Nov 30, 2011, 9:30 am EST
Although people around the world are focused on holiday shopping and vacations, the global financial epidemic of too much public debt isn’t taking a break.
Since the beginning of Europe’s financial crisis, its corporate and political leaders told us the problem was contained. But each step of the way, they’ve been wrong. Right now, all signs indicate that Europe’s financial crisis is spreading like gangrene. This is not a scare tactic, but an honest evaluation of the facts. Let’s analyze some of the reasons behind this.
1. Europe’s Banks are Undercapitalized
European banks are facing a liquidity crisis, even though they’ve already received an emergency cash infusion from a coalition of world central banks. The International Monetary Fund in its “Global Financial Stability Report” estimates $408 billion in banks’ risk exposure to toxic government debt from countries like Greece, Ireland and Portugal. Because Europe’s crisis is moving so rapidly, even the IMF is having trouble estimating the true liabilities for European banks. In August, the IMF said it would take only $272 billion to cover banks’ capital shortfall. Read
Nov 29, 2011, 11:25 am EST
The Republican presidential candidates all have the same answer to America’s budget and debt woes: Cut the corporate tax rate. Unfortunately, fixing the nation’s economy is more complicated than simple slogans that make for good politics and lousy policy.
Mitt Romney, the presumptive GOP standard bearer, promises to introduce a bill on his first day in office that would reduce the top corporate income tax rate from 35% to 25%. Former House Speaker Newt Gingrich does the ex-Massachusetts governor one better, calling to reduce the corporate rate to 12.5%. Rick Perry, the Texas governor, wants the rate set at 20%. Herman Cain speaks of instituting “across-the-board tax cuts to provide long-term relief” and is promoting his 9-9-9 tax plan.
The candidates and their ideological supporters often point out that U.S. corporate tax rates are among the highest for members of the Organization for Economic Cooperation & Development (OECD). That’s true, but it doesn’t tell the whole story. Of course, raising taxes too high can throttle growth. However, low corporate tax rates don’t necessarily lead to prosperity, and high rates don’t necessarily impede growth. Read
Nov 28, 2011, 5:25 pm EST
Citigroup (NYSE:C) tried to pay off regulators with a $285 million settlement to squash accusations it duped investors into buying now-infamous subprime mortgage debt. But thanks to one Manhattan judge, that hush money won’t be paid and Citi might now face a day in court.
That, of course, is the hyperbolic description of what U.S. District Judge Jed Rakoff did Monday with his decision to reject a settlement between the Securities and Exchange Commission and Citigroup. The losses to subprime mortgage investors who relied on Citi total about $700 million, more than double the proposed fine. Oh yeah, and Citigroup does about $110 billion in annual revenue — yes, billion, with a “B.” Kind of makes $285 million seem like a parking ticket, doesn’t it?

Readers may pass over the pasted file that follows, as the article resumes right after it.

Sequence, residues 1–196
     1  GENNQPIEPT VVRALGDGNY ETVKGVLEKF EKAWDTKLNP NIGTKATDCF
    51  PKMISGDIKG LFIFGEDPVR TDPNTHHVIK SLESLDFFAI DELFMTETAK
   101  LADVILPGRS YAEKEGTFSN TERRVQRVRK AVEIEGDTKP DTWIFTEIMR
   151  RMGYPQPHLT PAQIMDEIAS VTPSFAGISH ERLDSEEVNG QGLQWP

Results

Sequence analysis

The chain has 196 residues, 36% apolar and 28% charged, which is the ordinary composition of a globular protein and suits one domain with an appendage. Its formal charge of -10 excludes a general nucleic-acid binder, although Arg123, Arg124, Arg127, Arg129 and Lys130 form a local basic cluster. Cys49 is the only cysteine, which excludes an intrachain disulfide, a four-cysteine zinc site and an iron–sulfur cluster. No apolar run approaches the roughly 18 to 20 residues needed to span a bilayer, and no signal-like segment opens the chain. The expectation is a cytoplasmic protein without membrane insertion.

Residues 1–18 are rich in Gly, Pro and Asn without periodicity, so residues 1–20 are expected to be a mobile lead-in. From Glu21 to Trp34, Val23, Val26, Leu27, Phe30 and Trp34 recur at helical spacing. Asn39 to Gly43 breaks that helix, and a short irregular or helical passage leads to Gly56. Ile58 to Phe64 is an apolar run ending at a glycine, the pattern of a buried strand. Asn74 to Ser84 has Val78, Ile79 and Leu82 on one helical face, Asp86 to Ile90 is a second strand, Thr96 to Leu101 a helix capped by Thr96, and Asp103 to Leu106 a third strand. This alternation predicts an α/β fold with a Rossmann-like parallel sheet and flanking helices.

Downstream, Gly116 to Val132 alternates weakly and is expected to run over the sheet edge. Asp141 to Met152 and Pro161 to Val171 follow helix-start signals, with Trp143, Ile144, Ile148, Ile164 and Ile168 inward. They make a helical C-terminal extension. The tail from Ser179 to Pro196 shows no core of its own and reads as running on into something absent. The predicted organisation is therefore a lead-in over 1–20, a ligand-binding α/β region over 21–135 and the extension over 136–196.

But that wasn’t really what riled Judge Rakoff — at its core, this seemed to be a case where banks could just do whatever they want and pay a nominal fine to avoid any real penalties. Read
Nov 28, 2011, 3:56 pm EST
During the past 100 years, American voters have been brainwashed into believing a complete portfolio of nonsense packaged by self-serving bankers and politicians. It is difficult, of course, to admit that most of what we have grown up believing about our government structure and monetary system is deeply flawed and skewed with self-interest.
Ron Paul has been outlining the ongoing fraud to Americans for decades. I have followed his work from the start, and I am not aware of any other politician in Washington who better understands the mess we are in and what to do about it. I hope you will read Ron Paul’s End the Fed and Liberty Defined and come to realize that there is indeed a chance to get America back on the true Federal Republic course envisioned by Thomas Jefferson.
In Liberty Defined, Ron Paul puts the laser light on the dangers of progressive thinking: Read
Nov 28, 2011, 11:59 am EST
Dreaming up a deficit reduction commission was the easy part. Unfortunately, nobody thought getting committee members to agree would be the hard part.
How will the deficit impasse affect U.S. Treasury prices? Are higher bond yields just ahead? And what about the U.S. government’s credit rating?
Agreeing to Disagree
After two months of intense negotiations, talks among the 12-member “supercommittee” broke down last week. The committee is an even split between Democrats and Republicans and they agreed to disagree, which means $1.2 trillion in automatic spending cuts that begin in 2013 have been triggered. What’s so bad about that? Automatic spending cuts are good for the deficit, but only if Congress doesn’t try to undo them. Read
Nov 24, 2011, 6:45 am EST
Do the markets care whether the U.S. fiddles while Europe burns? Apparently. This week’s 600-point nosedive by the Dow should prove (for anybody who didn’t realize it already) that America isn’t about to “decouple” from Europe, financially or economically.
For the past few weeks, a parade of smiley faces has tried to tell us that Europe’s woes didn’t matter for the U.S. markets. We, and maybe the Chinese, could keep chugging along regardless of what was happening in the EU.
It was a foolish conceit, for two reasons: First, as I’ve explained in previous blogs, Europe is an important buyer of U.S. exports. A deep recession “over there” will hurt the bottom line of many large U.S. companies, particularly in the otherwise thriving industrial sector. Read